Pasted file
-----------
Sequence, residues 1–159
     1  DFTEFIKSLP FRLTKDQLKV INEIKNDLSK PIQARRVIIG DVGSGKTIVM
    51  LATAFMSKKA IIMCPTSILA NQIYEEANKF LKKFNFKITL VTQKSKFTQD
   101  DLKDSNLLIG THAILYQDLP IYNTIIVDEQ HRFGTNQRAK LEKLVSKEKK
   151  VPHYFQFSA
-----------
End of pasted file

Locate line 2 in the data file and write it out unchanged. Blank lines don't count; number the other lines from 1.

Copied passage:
     1  DFTEFIKSLP FRLTKDQLKV INEIKNDLSK PIQARRVIIG DVGSGKTIVM